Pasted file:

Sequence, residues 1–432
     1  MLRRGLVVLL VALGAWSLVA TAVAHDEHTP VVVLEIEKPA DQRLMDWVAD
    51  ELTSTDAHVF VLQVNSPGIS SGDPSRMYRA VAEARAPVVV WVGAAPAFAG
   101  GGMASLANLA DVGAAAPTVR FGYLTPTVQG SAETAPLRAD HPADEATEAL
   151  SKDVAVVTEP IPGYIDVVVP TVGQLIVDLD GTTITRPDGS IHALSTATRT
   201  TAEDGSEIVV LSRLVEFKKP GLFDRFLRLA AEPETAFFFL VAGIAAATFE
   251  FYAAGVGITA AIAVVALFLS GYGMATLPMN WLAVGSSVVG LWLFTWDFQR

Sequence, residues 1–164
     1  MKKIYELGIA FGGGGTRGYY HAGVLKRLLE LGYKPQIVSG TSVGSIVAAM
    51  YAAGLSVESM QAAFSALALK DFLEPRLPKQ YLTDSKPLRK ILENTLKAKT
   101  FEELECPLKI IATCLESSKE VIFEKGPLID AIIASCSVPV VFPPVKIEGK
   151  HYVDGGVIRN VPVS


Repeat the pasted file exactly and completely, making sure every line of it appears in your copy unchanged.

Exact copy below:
Sequence, residues 1–432
     1  MLRRGLVVLL VALGAWSLVA TAVAHDEHTP VVVLEIEKPA DQRLMDWVAD
    51  ELTSTDAHVF VLQVNSPGIS SGDPSRMYRA VAEARAPVVV WVGAAPAFAG
   101  GGMASLANLA DVGAAAPTVR FGYLTPTVQG SAETAPLRAD HPADEATEAL
   151  SKDVAVVTEP IPGYIDVVVP TVGQLIVDLD GTTITRPDGS IHALSTATRT
   201  TAEDGSEIVV LSRLVEFKKP GLFDRFLRLA AEPETAFFFL VAGIAAATFE
   251  FYAAGVGITA AIAVVALFLS GYGMATLPMN WLAVGSSVVG LWLFTWDFQR

Sequence, residues 1–164
     1  MKKIYELGIA FGGGGTRGYY HAGVLKRLLE LGYKPQIVSG TSVGSIVAAM
    51  YAAGLSVESM QAAFSALALK DFLEPRLPKQ YLTDSKPLRK ILENTLKAKT
   101  FEELECPLKI IATCLESSKE VIFEKGPLID AIIASCSVPV VFPPVKIEGK
   151  HYVDGGVIRN VPVS